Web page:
HOUNSLOW is an area which is steeped in aviation history and importance.
It is amazing to think that London’s first airport was at, what is now, Hanworth Air Park and that the world’s first air passenger terminal was at Heston aerodrome – both in Feltham and Heston constituency.
Today, aviation is still vitally important to Hounslow and indeed wider west London. The operation of Heathrow airport supports well over 110,000 local jobs - approximately 22% of total local employment, and adds a gross value added of £5.3 billion.
When I made my maiden speech, it was during the second reading of the Civil Aviation Bill. The basic aim of the Civil Aviation Bill is to modernise the civil aviation regulation in the United Kingdom, with the intention of benefiting passengers and airport users through better quality of service and reduced costs for industry. Issues being debated include how passengers could be better assisted to compare services and make more informed choices, and how the public are better informed about environmental effects and measures being taken to limit them. In addition we should see improvements to the ATOL scheme particularly in relation to package holidays.
This week, the Civil Aviation Bill is at the committee stage in Parliament, where a detailed examination of the text is carried out by committee members. The process goes on for the next four weeks. I will be sitting on the Civil Aviation Bill committee – my first such committee – and hope to hear from any residents or businesses with an interest in the Bill.
Modernising the regulatory framework for civil aviation has been an aspiration of successive governments, and work on the changes included in the Bill begun under the previous Labour Government. Much of our aviation regulation has not been modernised for 30 years, but we know that a successful, thriving aviation sector is crucial for UK economic competitiveness.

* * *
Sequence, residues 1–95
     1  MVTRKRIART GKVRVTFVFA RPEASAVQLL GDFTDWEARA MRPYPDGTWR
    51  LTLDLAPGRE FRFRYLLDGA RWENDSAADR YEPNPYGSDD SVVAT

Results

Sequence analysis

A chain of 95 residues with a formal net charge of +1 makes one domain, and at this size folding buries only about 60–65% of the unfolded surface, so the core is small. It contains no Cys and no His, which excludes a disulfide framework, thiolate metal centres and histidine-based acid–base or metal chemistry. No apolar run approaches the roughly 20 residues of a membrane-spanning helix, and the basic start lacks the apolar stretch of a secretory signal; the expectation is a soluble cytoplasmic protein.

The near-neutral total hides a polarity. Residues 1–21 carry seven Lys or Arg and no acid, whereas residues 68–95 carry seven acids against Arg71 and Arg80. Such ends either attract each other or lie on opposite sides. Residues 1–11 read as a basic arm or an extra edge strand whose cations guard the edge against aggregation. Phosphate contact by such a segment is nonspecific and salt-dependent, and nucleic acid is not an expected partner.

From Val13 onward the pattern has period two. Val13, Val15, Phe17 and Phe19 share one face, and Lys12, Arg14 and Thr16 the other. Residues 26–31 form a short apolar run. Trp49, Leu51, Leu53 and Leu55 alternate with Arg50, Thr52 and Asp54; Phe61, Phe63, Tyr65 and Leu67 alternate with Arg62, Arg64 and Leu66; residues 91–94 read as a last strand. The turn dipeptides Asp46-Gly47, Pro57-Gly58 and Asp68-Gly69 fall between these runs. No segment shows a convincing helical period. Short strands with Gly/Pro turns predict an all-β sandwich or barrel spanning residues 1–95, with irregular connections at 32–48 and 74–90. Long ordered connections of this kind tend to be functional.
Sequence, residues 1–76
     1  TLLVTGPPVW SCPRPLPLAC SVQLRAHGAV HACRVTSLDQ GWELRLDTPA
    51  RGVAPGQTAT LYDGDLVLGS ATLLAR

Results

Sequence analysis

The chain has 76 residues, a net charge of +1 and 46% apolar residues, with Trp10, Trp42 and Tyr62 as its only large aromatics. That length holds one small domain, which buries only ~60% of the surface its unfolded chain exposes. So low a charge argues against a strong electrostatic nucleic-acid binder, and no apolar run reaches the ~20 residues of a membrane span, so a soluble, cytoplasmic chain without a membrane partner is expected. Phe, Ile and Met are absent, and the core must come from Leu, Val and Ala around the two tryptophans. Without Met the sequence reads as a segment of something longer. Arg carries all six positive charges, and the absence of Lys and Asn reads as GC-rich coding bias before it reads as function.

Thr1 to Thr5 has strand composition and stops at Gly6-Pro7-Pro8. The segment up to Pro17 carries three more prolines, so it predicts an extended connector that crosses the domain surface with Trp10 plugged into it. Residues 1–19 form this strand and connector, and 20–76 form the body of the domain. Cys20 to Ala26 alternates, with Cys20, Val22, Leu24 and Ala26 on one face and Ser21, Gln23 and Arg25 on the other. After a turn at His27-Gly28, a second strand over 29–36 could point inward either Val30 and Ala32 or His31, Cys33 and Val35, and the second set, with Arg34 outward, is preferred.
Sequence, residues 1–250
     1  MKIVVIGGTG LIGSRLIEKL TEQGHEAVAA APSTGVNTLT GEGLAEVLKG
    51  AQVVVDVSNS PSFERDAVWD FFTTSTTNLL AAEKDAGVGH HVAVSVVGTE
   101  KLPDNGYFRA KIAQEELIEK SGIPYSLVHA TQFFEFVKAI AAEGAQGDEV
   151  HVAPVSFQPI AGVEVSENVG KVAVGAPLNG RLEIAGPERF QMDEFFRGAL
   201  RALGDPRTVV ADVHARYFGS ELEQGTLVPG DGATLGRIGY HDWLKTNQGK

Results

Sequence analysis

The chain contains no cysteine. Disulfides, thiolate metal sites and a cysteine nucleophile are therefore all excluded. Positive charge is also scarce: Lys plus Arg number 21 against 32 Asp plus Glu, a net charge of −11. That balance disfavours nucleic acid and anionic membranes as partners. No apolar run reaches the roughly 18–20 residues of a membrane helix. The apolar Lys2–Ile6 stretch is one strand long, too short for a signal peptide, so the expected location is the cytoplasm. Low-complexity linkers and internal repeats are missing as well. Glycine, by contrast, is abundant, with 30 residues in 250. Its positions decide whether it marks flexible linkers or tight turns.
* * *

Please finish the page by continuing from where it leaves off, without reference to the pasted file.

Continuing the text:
This bill is important for Hounslow residents because it will keep aviation prices down and quality high; it will increase competition across UK airports and passenger rights will be strengthened with the ATOL reform proposals - which look to bring all Flight-Plus and package holidays sold by airlines into the ATOL scheme, and extend the ATOL scheme to include all ‘agent for the consumer’ arranged holidays.
Last week when I visited Heathrow Airport, I witnessed first-hand the important work being done on making Heathrow a better airport which will see ongoing improvements in customer experience. The shell of Terminal 2 has been completed, an impressive glass-walled construction, which is scheduled to open for passengers in 2014. The £2.3bn development will handle up to 20 million passengers a year.
A better airport layout over time will see less delays in adverse weather and faster transit for passengers. We need Heathrow to remain a world leader in the future and for the needs of local residents to be constantly addressed. And as we make progress, to do so in the context of a well planned and well managed world class aviation sector in Britain.